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Logo of Phnom Penh Post newspaper Phnom Penh Post - Minebea readies third factory

A motorist passes the Minebea factory at the Phnom Penh Special Economic Zone in 2013.
A motorist passes the Minebea factory at the Phnom Penh Special Economic Zone in 2013. Hong Menea

Minebea readies third factory

Japanese electronics manufacturer Minebea expects to complete construction of its third factory in Cambodia by the end of the year, allowing the company to diversify its operations toward more value-added products, a company official said yesterday.

The expansion of the company’s Cambodian operations, which manufacture micro actuators and small motors at two existing factories inside the Phnom Penh Special Economic Zone (Phnom Penh SEZ), brings its total investment in the Kingdom to $100 million since 2011.

Tetsu Shiozaki, vice president of Minebea, said that the company would continue to invest in Cambodia once the factory was complete by bringing in specialised machinery to equip the new production line. He added that the new factory would give the manufacturer space to move further up the supply chain.

“We will start in-house precision parts production, which is a more valued-added process compared to assembly process,” he said.

He added that the completion of the third factory would bring Minebea’s total Cambodian labour force to 20,000.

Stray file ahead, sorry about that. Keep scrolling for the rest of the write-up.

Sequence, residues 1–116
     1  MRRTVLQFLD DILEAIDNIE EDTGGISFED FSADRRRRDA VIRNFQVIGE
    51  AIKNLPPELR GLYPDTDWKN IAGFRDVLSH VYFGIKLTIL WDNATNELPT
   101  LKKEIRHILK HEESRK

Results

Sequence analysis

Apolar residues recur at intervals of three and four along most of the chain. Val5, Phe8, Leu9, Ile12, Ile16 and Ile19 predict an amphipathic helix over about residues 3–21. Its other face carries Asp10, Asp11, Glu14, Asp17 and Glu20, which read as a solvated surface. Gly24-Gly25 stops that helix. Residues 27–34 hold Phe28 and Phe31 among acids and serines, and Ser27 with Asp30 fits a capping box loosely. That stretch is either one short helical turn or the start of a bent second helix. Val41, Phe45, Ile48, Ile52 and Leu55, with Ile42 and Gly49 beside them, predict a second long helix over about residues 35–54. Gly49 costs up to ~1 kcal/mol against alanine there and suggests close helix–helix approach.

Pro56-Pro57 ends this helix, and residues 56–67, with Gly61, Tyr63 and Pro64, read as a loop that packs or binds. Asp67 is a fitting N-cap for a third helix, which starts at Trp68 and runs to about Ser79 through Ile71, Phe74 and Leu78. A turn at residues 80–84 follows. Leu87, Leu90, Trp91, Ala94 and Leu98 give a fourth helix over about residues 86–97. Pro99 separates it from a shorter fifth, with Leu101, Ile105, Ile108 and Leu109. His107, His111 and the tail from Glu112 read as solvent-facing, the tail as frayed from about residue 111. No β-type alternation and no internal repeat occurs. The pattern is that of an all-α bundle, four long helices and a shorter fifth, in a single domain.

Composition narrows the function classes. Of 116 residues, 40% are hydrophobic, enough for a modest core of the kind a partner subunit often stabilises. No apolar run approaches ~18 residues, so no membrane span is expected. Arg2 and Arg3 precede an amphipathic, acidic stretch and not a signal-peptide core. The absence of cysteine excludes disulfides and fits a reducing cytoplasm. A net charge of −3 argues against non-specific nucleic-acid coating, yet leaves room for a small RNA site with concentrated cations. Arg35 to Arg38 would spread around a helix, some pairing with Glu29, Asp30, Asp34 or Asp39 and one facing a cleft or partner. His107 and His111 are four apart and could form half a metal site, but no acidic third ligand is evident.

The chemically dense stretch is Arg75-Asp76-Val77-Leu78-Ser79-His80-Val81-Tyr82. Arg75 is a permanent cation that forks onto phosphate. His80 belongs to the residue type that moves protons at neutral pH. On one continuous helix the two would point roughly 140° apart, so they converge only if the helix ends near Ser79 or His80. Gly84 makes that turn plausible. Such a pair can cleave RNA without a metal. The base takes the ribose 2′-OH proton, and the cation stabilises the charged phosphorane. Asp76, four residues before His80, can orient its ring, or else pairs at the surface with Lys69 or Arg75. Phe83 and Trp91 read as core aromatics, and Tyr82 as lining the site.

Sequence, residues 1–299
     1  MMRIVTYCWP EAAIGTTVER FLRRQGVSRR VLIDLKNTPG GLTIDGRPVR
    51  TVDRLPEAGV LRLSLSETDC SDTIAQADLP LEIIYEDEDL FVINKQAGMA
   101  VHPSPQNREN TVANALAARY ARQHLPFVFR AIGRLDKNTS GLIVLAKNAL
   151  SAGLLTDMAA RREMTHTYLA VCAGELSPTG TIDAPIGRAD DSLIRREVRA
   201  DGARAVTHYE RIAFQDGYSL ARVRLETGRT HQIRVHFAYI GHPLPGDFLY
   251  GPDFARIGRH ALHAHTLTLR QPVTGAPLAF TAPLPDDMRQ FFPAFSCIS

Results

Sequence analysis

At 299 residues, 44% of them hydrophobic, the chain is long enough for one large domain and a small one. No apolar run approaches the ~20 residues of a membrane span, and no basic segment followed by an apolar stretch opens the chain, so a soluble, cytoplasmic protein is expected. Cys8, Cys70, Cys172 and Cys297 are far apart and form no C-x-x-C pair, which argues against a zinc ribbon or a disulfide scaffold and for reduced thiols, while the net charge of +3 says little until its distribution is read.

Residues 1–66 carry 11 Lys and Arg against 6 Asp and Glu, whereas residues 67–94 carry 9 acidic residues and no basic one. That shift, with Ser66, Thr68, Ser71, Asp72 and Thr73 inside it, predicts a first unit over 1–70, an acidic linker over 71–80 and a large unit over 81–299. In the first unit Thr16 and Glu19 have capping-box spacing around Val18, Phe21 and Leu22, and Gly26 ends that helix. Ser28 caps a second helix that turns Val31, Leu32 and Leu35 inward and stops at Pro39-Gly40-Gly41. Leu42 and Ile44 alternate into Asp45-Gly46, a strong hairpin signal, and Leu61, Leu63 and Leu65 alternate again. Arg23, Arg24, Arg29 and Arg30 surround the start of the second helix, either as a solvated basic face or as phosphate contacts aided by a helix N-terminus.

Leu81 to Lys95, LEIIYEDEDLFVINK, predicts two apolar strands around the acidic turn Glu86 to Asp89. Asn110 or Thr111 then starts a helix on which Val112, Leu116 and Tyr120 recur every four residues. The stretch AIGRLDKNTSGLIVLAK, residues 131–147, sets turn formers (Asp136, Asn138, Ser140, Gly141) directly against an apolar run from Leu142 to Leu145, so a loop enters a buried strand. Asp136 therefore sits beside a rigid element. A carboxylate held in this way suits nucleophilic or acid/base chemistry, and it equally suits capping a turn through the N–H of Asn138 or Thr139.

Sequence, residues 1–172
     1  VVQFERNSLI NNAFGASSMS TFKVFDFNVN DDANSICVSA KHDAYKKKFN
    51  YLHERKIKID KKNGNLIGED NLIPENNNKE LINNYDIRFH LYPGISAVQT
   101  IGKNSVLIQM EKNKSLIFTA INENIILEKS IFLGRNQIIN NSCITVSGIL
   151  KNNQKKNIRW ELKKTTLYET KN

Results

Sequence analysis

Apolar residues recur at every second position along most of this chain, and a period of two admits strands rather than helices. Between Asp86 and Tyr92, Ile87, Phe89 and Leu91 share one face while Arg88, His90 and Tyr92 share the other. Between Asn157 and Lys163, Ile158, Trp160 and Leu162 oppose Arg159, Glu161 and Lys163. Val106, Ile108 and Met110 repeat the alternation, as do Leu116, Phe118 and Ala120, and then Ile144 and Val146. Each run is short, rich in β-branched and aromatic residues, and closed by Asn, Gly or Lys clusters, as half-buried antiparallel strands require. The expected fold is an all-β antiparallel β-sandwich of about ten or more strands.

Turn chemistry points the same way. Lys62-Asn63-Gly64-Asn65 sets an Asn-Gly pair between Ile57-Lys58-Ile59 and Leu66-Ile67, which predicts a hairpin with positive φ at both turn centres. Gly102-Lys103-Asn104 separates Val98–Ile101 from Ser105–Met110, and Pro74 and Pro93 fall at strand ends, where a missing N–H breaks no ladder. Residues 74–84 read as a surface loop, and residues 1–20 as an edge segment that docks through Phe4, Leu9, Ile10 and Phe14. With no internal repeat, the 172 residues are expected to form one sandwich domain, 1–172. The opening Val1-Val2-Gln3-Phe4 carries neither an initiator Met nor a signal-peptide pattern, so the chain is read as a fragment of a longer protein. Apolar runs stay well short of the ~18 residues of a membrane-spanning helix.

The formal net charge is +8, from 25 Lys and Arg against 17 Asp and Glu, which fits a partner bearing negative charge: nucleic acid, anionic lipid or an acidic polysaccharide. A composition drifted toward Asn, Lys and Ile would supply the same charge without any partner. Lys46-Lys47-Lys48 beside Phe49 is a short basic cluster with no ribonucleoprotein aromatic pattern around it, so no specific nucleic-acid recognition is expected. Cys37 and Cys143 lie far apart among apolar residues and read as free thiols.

The company currently employs about 5,300 workers, according to its website, or about a third of the total workforce in Phnom Penh SEZ.

While Cambodia’s industrial diversification has persistently been hindered by a low-skilled labour force, David Van, local managing director of the Bower Group Asia, said Minebea’s approach to training its own workers appears to be providing benefits.

“Minebea had no other option but to train their skilled manpower required,” he said. “Cambodia has never had such skills available to begin with, but they weighted their options and went for a long-term investment into their labour force and their well-thought out strategy seems to be paying off.”

Van added that while the government aims to develop educational curricula based on the needs of the private sector, the private sector could continue to develop its own pool of skilled workers through dedicated in-house training.

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